Happy Thanksgiving, everyone!
Posts Tagged ‘Healthcare’
The super-nerds in team Obama are turning their attention to the health care system. The leader in this drive, somewhat counterintuitively, is thought to be budget director Peter Orszag.
What makes Orszag’s vision so interesting is that it is utterly data-driven. In a time of negative growth and yawning deficits, Orszag believes it is possible to extend coverage to everyone and lower costs over all. The New Yorker’s Ryan Lizza has a great profile of the man & his ambitions:
Orszag is convinced that rising federal health-care costs are the most important cause of long-term deficits. As a fellow at the Brookings Institution, he became obsessed with the findings of a research team at Dartmouth showing that some regions of the country spend far more money on health care than others but that patients in those high-spending areas don’t have better outcomes than those in regions that spend less money. If spending more on health care has no correlation with making people healthier, then there must be enormous savings that a smart government, by determining precisely which medical procedures are worth financing and which are not, could wring out of the system. “I spent several months in very intense study,” Orszag told me. “The reason that I wanted to go to C.B.O. was I thought that was one of the key bodies that could really delve into what we could do about it.”
Interestingly, when the Times’ David Leonhardt sat down with President Obama recently, Obama struck a similar note:
“if it turns out that doctors in Florida are spending 25 percent more on treating their patients as doctors in Minnesota, and the doctors in Minnesota are getting outcomes that are just as good — then us going down to Florida and pointing out that this is how folks in Minnesota are doing it and they seem to be getting pretty good outcomes, and are there particular reasons why you’re doing what you’re doing? — I think that conversation will ultimately yield some significant savings and some significant benefits.”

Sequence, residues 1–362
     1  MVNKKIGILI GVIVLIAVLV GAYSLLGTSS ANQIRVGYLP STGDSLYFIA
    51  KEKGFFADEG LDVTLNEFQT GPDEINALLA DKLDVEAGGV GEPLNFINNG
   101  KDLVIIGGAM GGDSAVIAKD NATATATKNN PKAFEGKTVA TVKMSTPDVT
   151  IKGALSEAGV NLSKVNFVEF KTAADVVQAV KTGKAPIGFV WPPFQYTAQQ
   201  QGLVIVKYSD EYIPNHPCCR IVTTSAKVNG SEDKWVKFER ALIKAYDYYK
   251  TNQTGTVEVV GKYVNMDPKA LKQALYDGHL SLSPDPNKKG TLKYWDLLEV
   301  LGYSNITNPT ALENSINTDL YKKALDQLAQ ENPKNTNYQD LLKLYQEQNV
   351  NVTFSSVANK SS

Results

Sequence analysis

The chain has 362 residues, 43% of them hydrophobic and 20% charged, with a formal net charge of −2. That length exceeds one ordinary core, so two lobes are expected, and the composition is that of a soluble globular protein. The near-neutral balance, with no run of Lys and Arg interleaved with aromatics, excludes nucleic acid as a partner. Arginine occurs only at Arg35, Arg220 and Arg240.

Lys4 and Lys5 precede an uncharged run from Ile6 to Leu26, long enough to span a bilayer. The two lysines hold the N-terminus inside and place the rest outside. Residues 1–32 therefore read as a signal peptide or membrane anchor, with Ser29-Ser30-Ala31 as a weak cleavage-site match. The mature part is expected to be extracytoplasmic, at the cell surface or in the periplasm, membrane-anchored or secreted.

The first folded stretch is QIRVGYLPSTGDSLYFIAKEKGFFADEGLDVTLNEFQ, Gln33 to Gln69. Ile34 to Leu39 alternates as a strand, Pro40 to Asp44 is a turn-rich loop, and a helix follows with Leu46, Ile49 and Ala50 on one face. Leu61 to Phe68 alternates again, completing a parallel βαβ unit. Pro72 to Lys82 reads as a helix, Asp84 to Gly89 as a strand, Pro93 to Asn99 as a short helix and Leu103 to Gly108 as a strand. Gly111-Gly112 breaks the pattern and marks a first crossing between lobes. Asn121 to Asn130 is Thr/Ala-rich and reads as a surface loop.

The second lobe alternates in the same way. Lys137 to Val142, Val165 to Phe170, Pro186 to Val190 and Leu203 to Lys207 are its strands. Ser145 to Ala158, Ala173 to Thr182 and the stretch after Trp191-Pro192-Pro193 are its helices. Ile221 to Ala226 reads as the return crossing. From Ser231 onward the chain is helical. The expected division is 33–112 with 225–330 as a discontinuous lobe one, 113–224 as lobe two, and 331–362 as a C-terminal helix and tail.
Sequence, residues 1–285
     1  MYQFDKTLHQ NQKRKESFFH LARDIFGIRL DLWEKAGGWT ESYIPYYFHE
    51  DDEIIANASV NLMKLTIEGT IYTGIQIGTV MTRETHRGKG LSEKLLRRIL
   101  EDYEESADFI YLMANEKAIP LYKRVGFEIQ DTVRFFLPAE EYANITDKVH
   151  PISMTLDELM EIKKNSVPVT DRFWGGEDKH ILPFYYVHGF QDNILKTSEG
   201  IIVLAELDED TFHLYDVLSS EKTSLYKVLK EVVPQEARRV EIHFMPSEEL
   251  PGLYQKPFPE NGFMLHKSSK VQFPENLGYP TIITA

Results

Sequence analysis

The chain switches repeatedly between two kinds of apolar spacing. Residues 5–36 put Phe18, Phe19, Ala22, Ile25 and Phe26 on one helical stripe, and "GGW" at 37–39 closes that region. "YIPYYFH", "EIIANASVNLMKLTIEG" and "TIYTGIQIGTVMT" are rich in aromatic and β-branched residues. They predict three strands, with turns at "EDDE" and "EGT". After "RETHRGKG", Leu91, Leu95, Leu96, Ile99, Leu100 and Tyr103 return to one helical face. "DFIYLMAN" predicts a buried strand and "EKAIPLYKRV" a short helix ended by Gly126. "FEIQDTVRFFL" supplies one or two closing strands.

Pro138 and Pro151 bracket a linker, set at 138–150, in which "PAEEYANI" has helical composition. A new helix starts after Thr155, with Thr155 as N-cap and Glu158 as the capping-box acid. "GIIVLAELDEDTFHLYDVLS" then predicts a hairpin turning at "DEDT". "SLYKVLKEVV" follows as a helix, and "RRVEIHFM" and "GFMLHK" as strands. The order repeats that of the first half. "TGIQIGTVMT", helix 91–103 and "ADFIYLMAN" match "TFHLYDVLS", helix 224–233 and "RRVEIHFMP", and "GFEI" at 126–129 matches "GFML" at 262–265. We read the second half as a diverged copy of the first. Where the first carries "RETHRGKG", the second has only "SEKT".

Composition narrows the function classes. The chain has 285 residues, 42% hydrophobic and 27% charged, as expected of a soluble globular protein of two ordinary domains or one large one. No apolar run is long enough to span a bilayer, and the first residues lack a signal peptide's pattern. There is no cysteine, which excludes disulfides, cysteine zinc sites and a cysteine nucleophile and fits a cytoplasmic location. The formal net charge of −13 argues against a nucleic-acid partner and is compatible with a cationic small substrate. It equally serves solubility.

But the President goes a step further, bringing up the example of his grandmother, who had hip replacement surgery last summer, and died a few months later. Expensive procedures like these, which frequently occur at the end of life, are some of the biggest drivers of healthcare costs.
NYT: So how do you — how do we deal with it?
THE PRESIDENT: Well, I think that there is going to have to be a conversation that is guided by doctors, scientists, ethicists. And then there is going to have to be a very difficult democratic conversation that takes place. It is very difficult to imagine the country making those decisions just through the normal political channels. And that’s part of why you have to have some independent group that can give you guidance. It’s not determinative, but I think has to be able to give you some guidance. And that’s part of what I suspect you’ll see emerging out of the various health care conversations that are taking place on the Hill right now.
Scary stuff, medical bills. The idea that better information can make health care cheaper is enticing but untested. We do know, however, that much of the cutting edge of medicine is super-expensive, precisely because it’s so advanced.
UPDATE: It seems like the healthcare industry is sufficiently frightened of having cost-cutting imposed on them to make some preemptive announcements that they’ll cut costs themselves. Hmm…
I really couldn’t say it any better.
Why is it so hard for us to get concrete information on healthcare and our options? As David Wessel describes so well in his (2004!) Wall Street Journal piece, he and his wife faced a bewildering array of options and terminology as they tried to choose between the two plans offered by their employers. And as he acknowledges, they were actually lucky in that at least they knew they were going to have health insurance. For those who aren’t being offered any plan by their employer or are unemployed, the lack of information is even starker.